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After Legal-Gambling Rush, Addiction on the Rise

Legalized sports betting has produced record levels of revenues for two dozen states. But, along with the gusher of money have come a growing chorus of questions about gambling addiction and whether regulators and sportsbooks do enough to fight it, Pew Stateline reports. As more states make moves to legalize online sports betting, experts say they see addiction problems growing among young men. “They pretty quickly got themselves, in a year or two, to where the gambling has created harms in their life,” said Jim Whelan, a psychology professor who runs the Institute for Gambling Education and Research and the University of Memphis Gambling Clinic backed by the state of Tennessee. He said spikes in problem gambling aren’t unprecedented, since they often happen when a new casino opens or a state adds a lottery game, “so I’m a little reluctant to say the sky is falling yet. We fear this is going to create some sort of addiction pandemic. We don’t know if it is or not.”


Ohio launched its legal sports betting market Jan. 1. Immediately, its addiction helpline saw call volumes triple, said Mike Buzzelli, associate director of the Problem Gambling Network of Ohio. Previously, Buzzelli said, most callers reported that their gambling had been problematic for three to seven years, but now most bettors who call the helpline say they reached a problematic stage in less than a year. So far, according to Whelan and other experts, counselors are finding they can help younger gamblers by using the time-tested behavioral therapy strategies they’ve employed with longtime problem gamblers. In addition, some states and sportsbook operators allow gamblers to put themselves on a “self-exclusion” list that prevents them from gambling for a certain period. Matt Holt is vice chair of the Fantasy Sports and Gaming Association and founder and CEO of U.S. Integrity, which contracts with sportsbooks, regulators and sports leagues to help them identify suspicious gambling activity, abnormalities in referees’ calls or the misuse of insider information. Holt said some states rushed their sports betting programs into place because they were desperate for revenue during the confusing early days of the COVID-19 pandemic. “Everyone was, ‘Legalize, launch, learn,’” Holt said. “We did the first two. Now we’re learning. I think the industry as a whole has embraced the fact that there were probably some holes to fill on the integrity and responsible gaming side.”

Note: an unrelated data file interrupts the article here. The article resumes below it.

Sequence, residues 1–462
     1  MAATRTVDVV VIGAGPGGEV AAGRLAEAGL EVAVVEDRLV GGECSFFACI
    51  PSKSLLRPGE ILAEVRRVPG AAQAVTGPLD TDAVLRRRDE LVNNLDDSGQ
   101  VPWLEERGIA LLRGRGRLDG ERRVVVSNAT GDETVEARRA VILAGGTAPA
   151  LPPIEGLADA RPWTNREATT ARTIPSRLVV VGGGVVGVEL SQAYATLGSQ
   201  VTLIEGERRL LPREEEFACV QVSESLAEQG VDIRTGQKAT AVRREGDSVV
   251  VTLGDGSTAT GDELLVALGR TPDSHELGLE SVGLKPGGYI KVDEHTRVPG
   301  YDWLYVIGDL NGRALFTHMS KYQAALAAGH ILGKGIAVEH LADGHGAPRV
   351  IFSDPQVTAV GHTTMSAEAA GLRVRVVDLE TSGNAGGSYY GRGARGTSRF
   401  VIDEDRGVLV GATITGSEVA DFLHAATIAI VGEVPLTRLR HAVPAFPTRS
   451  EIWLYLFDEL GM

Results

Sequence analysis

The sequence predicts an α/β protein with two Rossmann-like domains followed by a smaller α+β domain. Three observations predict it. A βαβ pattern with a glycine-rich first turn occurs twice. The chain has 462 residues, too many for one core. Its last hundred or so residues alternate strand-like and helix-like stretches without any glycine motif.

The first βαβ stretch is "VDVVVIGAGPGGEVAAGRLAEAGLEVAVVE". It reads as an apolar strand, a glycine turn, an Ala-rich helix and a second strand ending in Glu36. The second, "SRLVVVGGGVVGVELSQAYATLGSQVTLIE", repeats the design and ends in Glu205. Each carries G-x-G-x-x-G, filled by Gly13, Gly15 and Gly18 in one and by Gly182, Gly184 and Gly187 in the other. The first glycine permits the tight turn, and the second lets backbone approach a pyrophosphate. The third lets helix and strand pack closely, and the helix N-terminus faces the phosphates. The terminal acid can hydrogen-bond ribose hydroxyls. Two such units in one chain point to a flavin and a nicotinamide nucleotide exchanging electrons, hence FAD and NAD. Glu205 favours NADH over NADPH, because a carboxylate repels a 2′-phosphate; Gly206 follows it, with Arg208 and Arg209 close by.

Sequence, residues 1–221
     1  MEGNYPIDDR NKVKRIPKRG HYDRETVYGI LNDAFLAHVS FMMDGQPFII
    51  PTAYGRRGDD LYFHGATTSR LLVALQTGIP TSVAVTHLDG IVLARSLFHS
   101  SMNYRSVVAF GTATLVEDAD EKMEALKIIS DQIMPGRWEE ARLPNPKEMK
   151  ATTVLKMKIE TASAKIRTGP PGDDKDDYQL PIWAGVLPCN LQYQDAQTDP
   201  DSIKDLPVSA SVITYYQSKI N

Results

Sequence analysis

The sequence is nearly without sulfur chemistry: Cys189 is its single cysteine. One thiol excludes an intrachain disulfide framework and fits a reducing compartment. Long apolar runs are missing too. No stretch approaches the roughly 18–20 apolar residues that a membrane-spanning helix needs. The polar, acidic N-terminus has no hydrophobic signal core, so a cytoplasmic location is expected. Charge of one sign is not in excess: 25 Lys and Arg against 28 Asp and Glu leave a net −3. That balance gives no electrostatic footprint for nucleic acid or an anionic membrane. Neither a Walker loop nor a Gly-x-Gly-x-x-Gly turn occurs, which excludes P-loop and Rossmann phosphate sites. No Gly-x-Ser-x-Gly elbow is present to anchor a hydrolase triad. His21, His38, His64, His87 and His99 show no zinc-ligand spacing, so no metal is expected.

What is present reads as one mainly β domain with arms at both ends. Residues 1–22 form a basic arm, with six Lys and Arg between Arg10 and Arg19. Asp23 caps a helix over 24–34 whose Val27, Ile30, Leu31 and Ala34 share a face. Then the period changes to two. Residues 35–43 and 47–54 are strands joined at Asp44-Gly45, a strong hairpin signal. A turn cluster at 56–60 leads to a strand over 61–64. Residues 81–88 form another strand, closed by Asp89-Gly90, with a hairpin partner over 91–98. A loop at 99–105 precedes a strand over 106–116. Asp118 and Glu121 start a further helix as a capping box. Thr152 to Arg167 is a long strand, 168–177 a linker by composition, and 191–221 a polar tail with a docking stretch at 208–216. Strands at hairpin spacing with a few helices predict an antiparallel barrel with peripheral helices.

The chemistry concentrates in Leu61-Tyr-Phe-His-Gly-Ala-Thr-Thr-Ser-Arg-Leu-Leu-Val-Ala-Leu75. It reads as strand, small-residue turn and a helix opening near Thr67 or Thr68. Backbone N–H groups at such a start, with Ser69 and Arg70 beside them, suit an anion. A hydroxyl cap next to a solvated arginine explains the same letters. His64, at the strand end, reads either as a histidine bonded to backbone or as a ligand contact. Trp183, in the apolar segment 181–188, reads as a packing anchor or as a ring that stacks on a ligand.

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A daily report co-sponsored by Arizona State University, Criminal Justice Journalists, and the National Criminal Justice Association

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